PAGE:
The Code of the West

by Terry Bartlow.

“What a person desires is unfailing love; better to be poor than a liar.” Proverbs 19:22

 When Daniel Hackett heard Pecos Bill, Paul Bunyan, and John Henry speak the “Code of the West” then saw them model it in the movie Tall Tale, he bore witness to an extremely valuable and fundamental lesson in becoming a man. Not just any man, but a man who is able to influence those around him and to bring honor to his relationship with God. The “Code of the West” gave reason for and defined the character of the men who were speaking it and those who gave their allegiance to it.

Many men throughout history have demonstrated the power of living by these codes, these directives that guide our hearts and actions. Somehow, in some way we know and have learned the value of being generous, caring for the poor and of considering the weak. These three opportunities and directives to fulfill are in no short supply in our world. They are all around us and they need to be recognized and responded to by you and I. The world has always needed men to accept their role, men willing to fight the battle first in becoming intentional warriors for God and then living as one.

One difficulty I faced in the past was in recognizing these three areas and feeling how I could best address them. About fifteen years ago a Psalm came to my attention and has guided my morning prayer and daily intention since.

“In the morning Oh’ Lord I order my prayer to you and eagerly watch all day long.” Ps. 5:3 opens my day’s journey into seeing moments where I am being called to practice generosity to care for the poor and to consider the weak. Recognizing these three openings into another person’s life has served as an incredible threshold for my own personal development. For a long time I relegated these three phrases as a guide and motivation for financial giving and service and while I believe that is valid, I would also submit to you that it is so much more.

Being generous can mean generosity with your time, your affection, your service and use of your talents. Sometimes I will invite one of my students to come in for hot chocolate before school just to chat and to connect. On one more than one occasion their response has been, “I will bring some hot chocolate to pay you back. Thank you.” My typical response is, “Oh’ by no means. This is my treat.” The reward is always mine when I see manifest such grateful hearts.

Caring for the poor certainly means to help financially, however, the poor “in spirit” seem to be in greater abundance than the financially poor. I daily meet a student, colleague, friend or family member who is spiritually and or emotionally bankrupt and in great need. What do I do? Listen intently and hear. That often leads to some action but not always. I’ve come to know I can’t fix every situation but I can walk along and perhaps in a small way lift some of the burden.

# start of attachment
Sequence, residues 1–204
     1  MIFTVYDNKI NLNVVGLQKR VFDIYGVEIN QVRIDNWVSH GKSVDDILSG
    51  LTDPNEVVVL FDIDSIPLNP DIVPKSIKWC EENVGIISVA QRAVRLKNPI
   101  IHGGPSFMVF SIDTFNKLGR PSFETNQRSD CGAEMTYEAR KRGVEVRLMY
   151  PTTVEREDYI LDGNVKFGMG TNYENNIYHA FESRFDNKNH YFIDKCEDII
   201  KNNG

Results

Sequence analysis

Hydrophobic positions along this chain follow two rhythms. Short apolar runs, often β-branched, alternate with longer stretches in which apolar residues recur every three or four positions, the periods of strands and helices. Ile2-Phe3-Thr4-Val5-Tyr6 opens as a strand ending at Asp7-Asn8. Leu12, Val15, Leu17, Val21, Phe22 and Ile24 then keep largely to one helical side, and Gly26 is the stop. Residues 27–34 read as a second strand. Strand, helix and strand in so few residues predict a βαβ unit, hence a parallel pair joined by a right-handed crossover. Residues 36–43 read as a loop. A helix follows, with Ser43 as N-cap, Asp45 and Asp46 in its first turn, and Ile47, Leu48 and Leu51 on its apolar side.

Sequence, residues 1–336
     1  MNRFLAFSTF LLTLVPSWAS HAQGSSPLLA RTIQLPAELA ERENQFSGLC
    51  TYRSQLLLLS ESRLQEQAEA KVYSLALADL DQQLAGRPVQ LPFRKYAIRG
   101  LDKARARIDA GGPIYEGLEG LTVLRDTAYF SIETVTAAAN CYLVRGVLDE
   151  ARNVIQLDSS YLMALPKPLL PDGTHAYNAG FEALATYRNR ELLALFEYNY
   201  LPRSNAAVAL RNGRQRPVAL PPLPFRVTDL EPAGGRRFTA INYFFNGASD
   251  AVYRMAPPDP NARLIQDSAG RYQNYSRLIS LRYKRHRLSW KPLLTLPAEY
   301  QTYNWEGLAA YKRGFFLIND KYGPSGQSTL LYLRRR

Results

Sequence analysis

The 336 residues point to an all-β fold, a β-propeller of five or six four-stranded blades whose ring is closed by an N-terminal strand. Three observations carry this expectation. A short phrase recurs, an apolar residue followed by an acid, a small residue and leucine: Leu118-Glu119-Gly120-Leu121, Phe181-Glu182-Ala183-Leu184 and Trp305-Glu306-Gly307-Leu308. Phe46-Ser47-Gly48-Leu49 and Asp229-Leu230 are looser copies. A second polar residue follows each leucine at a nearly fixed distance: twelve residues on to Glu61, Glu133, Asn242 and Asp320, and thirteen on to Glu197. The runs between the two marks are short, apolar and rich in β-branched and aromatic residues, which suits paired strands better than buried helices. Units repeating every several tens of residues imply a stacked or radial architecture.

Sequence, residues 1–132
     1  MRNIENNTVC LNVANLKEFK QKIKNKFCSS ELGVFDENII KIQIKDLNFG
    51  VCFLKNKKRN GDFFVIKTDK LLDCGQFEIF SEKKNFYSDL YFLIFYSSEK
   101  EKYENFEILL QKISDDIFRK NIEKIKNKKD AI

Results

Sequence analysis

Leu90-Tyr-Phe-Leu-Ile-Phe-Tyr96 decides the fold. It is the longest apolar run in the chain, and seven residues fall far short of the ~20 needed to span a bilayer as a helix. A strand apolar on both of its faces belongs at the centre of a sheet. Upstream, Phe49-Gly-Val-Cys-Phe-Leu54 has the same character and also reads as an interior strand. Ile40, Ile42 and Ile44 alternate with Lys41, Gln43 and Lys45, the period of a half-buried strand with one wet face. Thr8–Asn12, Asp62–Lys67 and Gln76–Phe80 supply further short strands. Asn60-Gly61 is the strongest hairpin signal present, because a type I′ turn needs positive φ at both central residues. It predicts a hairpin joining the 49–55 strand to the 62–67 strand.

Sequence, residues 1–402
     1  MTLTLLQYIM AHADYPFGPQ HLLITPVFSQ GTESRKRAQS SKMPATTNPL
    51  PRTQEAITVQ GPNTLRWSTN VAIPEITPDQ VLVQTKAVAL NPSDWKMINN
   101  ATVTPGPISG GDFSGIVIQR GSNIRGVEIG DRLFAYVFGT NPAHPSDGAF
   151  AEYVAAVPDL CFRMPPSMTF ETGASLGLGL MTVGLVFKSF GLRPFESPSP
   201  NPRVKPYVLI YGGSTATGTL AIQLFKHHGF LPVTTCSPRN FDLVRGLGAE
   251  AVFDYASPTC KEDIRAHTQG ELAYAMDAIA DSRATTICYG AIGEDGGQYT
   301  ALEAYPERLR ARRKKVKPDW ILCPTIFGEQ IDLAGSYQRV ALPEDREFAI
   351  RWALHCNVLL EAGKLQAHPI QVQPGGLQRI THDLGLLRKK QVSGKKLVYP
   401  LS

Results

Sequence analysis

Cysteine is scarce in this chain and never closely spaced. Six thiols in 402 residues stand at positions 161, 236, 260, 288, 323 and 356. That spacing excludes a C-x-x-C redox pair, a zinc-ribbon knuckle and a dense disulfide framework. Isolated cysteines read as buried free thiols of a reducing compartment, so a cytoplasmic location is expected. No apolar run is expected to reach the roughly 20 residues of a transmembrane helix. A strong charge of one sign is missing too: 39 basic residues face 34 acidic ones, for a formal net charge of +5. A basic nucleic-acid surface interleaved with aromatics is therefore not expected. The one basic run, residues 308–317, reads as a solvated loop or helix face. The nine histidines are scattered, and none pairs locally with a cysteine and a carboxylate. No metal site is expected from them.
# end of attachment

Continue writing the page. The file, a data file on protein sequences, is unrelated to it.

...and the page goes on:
Considering the weak requires some discretionary judgment and insight and is often recognized through our listening. Just this morning I was visiting with a gentleman whom I have viewed since I‘ve known him as very competent, capable and sure of himself. He has been a police officer in New York, directed a funeral home for several years, restores cars as a hobby and has an incredible ability to encourage and empower others. When he shared with me the statement that he is “afraid of failing” I was astounded. Never would I have imagined. We are surrounded by people held back by all sorts of fears and doubt.

Men who are leading the charge of God and modeling life for their sons are expected to listen, see and step into moments they are given. Like Daniel Hackett, we must be men prepared and willing to fulfill our roles with others that our sons may see.  While I will not spoil the movie [“Tall Tale”- Nick Stahl (1995)] for you – the “Code of the West” is really summed up in the call to treat others kindly, show respect to them and do what you can to lift a burden.

Consider sitting for an evening to watch the movie with your son(s) and discuss the merits it has to offer.

Blessings on your journey!

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Terry Barlow is a fifth-grade teacher in Loveland Colorado. He has been a
youth pastor, attracts the greatest and most interesting people where ever
he goes, hikes fourteeners in the Rockies, and built his own wood-strip
canoe from scratch. Read more about him and his current mission at
www.lifechangeleadership.com